Last year Walter Mosley kicked off his Leonid McGill detective mysteries with The Long Fall. The series is set in present day New York City and McGill is a deeply flawed hero, setting himself against Mosley’s most well-known character, the heroic Easy Rawlins who lives in mid-20th century Los Angeles.
Leonid is a 50-something short stocky amateur boxer. His marriage to his Scandinavian wife Katrina is a sham; they are always sleeping with other people. His favorite son Twill is not his own and operates as a teen-aged hustler, “handsome and flawless.”
Before becoming a detective McGill was a freelance criminal, providing information and orchestrating blackmail schemes for larger rackets. He acknowledges that his actions resulted in the deaths and ruination of good people and the depth and extent of McGill’s perfidy creates an eradicable aura of menace around his character. In Known to Evil, Mosley’s new McGill book, Leonid says, “Just some big hands on a stout man. But if you look close you can see the blood on them. Blood and shit and, and, and maggots turnin’ into flies. I wash ‘em every night, and every morning they’re filthy again.”
McGill is a well-developed multi-faceted character and The Long Fall was entertaining, but not riveting. The structure was overly familiar from the Rawlins books, the pace dragged at times, and it seemed stymied by the need to establish McGill and his universe. Perhaps detective series, like sitcoms, need time to find their rhythm.
New York has been working over time lately to give fodder to crime and mystery writers: David Patterson, Elliot Spitzer, the Wall Street meltdown, the real estate downturn, and terrorist threats. The financial train wreck in particular has put the city’s power brokers in vulnerable positions and brought corruption to the surface. This environment lends itself well to the deeply corrupted universe of McGill’s New York and it pays off with Known to Evil.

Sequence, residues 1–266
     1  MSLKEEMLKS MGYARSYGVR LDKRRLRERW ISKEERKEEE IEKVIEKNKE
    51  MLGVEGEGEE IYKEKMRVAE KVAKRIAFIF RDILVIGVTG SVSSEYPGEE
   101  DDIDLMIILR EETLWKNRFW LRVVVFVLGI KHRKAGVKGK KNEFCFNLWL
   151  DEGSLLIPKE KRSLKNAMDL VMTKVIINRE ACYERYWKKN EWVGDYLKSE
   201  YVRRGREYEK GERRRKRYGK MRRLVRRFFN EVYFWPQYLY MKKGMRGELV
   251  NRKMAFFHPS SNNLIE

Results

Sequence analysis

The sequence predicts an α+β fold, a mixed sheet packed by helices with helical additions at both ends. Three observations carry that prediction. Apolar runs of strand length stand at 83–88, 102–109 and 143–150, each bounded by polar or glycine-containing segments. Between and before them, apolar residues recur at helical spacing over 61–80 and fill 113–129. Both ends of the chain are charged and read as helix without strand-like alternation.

Newspaper headlines are succulent pickings for the crime novelist and while Mosley doesn’t grab easy fruits to make some corrupt hedge fund the lynchpin of the book’s crimes, the current era is nonetheless a pulsing and ever present backdrop.
It opens at home with McGill sitting down to a suspiciously cheery family dinner when the phone rings and a “legman” for Alphonse Rinaldo, a shadowy all-powerful puppeteer of city politics, requests that he meet a woman, Tara Lee, at a certain apartment building. When he arrives at the building it has been roped off by the police. A different woman and a man have been found dead in the apartment and McGill is then charged with tracking down Lee without having any clue as to why.
While trying to find Lee, a free spirited and apparently innocent woman who nonetheless is also being trailed by assassins, thugs, and the rich and powerful, McGill quickly becomes embroiled in multiple smaller mysteries. Twill and his son Dimitri have disappeared with a young Russian girl. Katrina is acting suspiciously happy when not freaking out over her sons. Ron Sharkey, an innocent man brought low after McGill framed him on false drug charges, is now being brought up on a terrorism rap and McGill wants to assuage his guilt by protecting him.
It is a thrill watching McGill, a man who has a hard time walking up the stairs to his apartment, trying to juggle multiple cases without dropping a ball or losing his mind. But these puzzles are too often solved through narrative contrivance and the assistance of McGill’s assistants and informants such as Bug Bateman, an overweight computer geek who functions as his Q and has the ability to track down anyone or hack into any computer system. Thematically, the different mysteries don’t gel as well as in the Rawlins books either.
The strength of this book is in watching the mysteries unfold. Mosley’s writing evokes the intelligently tossed off pulp of Raymond Chandler and Dashiell Hammett with heightened self-awareness and deeper thematic layers. There is a pleasure in breezy descriptions like: “The bedroom was sloppy the way some young women are” and snappy dialogue such as: